The Muddy Archaeologist's Blog

Blog by Gillian Hovell, The Muddy Archaeologist

ORKNEY : Kirkwall’s St.Magnus’ Cathedral

After spending the morning in the Neolithic at 5,000 year old Skara Brae and the Ring of Brodgar, we headed for Kirkwall’s St. Magnus’ Cathedral.  This most northern of Britain’s cathedrals is fittingly known as ‘The Light of the North’.

Hefty and solid, Kirkwall Cathedral was built in distinctive red and yellow sandstone by the same masons as those responsible for the awesome Durham Cathedral (or so the masons’ marks indicate).

Begun in AD 1132, it was built by Earl Rognvald Kolsson to house the much venerated remains of St.Magnus (and to impress and the locals that he was fit to rule).  The story is told in the Orkneyinga Saga, written by Icelandic scribe(s) at the end of the AD 1100s to record the beginning of the Norse Earldom and rule of Orkney.


Good Magnus conquers the Bad Magnus         Muddy Archaeologist Gillian Hovell

More recent stained glass windows celebrate modern Christianity with a hint of ancient and Viking overtones in the art; Orkney is a marvellous blend of past and present rubbing shoulders.  This cathedral is another blend; this great building is used by many denominations and that ebb and flow means that the cathedral is very much the hub of the community now, perhaps as the great standing stone circles had been so long ago.  Activities have been taking place every time I’ve visited Kirkwall’s cathedral and today was no different.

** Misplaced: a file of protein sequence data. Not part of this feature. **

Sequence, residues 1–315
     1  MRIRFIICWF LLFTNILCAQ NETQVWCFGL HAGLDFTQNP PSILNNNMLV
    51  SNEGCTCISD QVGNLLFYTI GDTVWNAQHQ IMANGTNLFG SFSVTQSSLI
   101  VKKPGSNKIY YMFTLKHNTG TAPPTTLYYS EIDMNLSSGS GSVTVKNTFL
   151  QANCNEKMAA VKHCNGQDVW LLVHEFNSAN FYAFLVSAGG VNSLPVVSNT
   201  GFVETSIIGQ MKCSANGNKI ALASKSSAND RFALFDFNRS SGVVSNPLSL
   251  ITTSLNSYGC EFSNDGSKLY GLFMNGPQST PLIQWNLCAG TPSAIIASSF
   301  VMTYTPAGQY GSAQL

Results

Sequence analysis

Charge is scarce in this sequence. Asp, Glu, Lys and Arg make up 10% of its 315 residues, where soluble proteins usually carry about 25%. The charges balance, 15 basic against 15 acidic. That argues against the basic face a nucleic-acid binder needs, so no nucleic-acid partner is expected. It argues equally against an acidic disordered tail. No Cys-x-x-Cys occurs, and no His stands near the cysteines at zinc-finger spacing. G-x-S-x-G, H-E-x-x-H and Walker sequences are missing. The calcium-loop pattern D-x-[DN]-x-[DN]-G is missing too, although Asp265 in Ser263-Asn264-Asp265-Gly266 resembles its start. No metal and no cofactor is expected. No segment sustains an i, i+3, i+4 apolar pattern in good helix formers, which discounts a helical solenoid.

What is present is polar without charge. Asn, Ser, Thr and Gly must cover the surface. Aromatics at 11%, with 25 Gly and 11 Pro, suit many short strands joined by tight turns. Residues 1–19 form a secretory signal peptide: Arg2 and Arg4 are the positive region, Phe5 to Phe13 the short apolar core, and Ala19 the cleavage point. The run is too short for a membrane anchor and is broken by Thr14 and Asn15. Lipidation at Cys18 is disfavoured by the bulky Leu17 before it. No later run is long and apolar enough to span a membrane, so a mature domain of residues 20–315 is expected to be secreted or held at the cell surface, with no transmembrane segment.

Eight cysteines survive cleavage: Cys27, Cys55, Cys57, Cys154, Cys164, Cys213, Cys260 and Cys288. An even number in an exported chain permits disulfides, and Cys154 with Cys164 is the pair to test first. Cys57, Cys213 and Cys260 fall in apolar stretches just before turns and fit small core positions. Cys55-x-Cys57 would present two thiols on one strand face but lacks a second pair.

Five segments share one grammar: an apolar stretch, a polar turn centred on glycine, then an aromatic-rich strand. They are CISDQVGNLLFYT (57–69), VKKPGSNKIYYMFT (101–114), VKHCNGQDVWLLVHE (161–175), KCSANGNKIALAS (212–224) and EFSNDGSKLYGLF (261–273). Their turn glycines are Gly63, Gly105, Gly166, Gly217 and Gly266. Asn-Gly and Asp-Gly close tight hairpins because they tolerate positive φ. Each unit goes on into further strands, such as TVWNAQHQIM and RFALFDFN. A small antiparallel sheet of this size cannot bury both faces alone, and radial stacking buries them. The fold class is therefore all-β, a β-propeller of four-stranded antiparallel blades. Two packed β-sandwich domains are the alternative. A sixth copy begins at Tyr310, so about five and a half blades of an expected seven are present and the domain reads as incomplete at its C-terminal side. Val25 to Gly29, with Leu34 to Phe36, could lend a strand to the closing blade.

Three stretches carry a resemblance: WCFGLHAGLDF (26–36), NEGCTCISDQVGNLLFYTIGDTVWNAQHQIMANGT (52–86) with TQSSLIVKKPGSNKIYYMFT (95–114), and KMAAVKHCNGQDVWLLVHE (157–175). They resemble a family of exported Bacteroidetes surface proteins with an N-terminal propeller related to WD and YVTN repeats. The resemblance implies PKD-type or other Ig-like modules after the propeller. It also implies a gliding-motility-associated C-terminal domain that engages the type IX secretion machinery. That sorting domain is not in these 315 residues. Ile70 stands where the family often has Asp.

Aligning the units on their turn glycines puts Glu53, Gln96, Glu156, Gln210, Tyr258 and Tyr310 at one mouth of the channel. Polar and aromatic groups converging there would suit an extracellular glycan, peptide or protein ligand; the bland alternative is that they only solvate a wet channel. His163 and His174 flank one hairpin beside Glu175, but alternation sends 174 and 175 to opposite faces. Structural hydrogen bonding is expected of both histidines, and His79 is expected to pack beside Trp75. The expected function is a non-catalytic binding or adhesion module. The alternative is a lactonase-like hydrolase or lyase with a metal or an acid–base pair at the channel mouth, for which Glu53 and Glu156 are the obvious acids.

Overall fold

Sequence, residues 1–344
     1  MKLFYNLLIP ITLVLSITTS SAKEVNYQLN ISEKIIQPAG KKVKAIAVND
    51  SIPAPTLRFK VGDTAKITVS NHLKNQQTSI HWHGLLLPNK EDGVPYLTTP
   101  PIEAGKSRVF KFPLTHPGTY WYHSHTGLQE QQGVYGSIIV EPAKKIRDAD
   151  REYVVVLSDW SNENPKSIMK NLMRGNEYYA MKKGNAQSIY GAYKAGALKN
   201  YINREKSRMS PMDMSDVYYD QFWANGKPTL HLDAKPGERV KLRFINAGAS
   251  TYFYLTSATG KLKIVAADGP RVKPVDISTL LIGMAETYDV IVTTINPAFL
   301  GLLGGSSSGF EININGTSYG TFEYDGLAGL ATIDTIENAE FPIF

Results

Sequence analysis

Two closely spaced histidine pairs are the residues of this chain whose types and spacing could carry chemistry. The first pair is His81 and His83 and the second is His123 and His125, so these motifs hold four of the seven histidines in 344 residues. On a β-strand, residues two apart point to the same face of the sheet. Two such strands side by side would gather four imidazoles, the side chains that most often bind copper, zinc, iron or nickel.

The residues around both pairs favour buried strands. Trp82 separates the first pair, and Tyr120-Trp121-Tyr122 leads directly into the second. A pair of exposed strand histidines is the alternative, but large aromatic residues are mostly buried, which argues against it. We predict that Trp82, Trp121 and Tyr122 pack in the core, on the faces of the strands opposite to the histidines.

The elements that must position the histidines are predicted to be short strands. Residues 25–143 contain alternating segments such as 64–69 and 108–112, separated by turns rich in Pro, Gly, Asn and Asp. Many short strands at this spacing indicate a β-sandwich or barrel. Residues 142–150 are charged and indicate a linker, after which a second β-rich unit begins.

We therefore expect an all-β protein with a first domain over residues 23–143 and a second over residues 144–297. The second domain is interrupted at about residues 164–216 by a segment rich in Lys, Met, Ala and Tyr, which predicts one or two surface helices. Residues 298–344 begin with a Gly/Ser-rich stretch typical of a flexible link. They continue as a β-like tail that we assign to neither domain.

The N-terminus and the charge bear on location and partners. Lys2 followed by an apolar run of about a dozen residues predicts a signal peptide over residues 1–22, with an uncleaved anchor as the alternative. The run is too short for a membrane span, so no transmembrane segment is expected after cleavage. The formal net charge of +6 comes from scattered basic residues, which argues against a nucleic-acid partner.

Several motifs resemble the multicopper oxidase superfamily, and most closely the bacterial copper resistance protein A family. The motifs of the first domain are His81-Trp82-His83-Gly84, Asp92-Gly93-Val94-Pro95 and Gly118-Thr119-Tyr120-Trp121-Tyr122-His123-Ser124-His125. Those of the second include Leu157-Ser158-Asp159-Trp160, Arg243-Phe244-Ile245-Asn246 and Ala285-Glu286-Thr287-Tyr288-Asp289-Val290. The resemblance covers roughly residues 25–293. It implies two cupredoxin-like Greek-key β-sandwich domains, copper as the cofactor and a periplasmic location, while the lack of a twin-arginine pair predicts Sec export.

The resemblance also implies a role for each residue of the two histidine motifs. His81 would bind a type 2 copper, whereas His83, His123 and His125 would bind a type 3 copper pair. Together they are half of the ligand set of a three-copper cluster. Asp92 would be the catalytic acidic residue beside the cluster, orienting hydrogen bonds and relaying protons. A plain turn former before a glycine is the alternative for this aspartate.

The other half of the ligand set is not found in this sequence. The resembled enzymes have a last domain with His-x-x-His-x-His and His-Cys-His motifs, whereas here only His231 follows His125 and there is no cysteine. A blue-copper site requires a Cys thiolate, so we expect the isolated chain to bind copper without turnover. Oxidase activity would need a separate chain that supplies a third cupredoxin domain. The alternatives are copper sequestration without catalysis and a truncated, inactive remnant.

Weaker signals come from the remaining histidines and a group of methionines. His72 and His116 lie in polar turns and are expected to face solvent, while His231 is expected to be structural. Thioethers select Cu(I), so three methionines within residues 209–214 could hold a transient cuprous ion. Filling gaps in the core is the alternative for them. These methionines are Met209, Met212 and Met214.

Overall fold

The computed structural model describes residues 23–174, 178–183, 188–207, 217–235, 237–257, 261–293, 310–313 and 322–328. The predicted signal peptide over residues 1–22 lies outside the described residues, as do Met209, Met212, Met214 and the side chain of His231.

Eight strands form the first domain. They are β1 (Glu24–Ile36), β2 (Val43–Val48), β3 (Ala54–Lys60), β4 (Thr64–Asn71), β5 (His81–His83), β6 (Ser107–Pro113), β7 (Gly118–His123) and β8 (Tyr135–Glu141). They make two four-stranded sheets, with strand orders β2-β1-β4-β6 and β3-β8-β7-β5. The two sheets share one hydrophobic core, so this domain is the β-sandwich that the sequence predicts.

A children’s orchestra  was tuning up while we were regaled with tales of Norse warrior sons, the very rare indeed medieval AD 1600s hanging ‘mort board’, traces of paintwork that once decorated the masony, and the tragedy of the WWII HMS Royal Oak, sunk in 1939 with the loss of 833 lives.  People’s lives have been brought together in this place for hundreds of years; and here we gathered for our Smithsonian Journey’s group photo.

Then there was the story of St.Magnus’s dramatic death – killed by his cook who was forgiven by the about-t0-die Magnus and asked to smite his head from above as he knelt.

The bones were lost when such relics of saints were destroyed in the Reformation.  But then there was the dramatic recovery of unidentified bones and a distinctively axed skull from a centuries’ old hiding place marked by a single cross, high in a pillar of the cathedral.  Magnus remains safe to this day.

Back at L’Austral, we left Orkney to sail for Shetland and Jarlshof, a jewel in the archaeology of these northern islands and our destination tomorrow.


Muddy Archaeologist Gillian Hovell



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